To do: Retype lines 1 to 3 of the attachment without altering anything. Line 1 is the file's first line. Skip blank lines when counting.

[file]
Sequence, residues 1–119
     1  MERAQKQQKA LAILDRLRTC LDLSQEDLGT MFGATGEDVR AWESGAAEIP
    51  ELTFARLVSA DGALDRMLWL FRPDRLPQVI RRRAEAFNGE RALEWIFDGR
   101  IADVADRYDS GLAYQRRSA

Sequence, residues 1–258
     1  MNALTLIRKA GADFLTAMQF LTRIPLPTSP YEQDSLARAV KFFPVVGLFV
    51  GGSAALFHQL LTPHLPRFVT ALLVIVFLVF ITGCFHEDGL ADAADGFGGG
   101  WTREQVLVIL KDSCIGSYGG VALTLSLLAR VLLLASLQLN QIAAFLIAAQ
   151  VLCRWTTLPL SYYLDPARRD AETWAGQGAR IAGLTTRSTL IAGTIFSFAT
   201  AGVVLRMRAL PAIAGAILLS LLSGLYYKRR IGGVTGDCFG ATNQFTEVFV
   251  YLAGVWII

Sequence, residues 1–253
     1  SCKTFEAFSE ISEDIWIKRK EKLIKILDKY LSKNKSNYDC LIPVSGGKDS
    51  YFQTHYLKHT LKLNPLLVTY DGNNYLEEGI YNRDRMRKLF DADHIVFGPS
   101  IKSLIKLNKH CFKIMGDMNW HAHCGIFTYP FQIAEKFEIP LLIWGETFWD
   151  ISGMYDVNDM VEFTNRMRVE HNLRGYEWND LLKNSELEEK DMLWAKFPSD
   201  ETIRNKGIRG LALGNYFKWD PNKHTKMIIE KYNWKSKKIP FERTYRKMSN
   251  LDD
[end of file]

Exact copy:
Sequence, residues 1–119
     1  MERAQKQQKA LAILDRLRTC LDLSQEDLGT MFGATGEDVR AWESGAAEIP
    51  ELTFARLVSA DGALDRMLWL FRPDRLPQVI RRRAEAFNGE RALEWIFDGR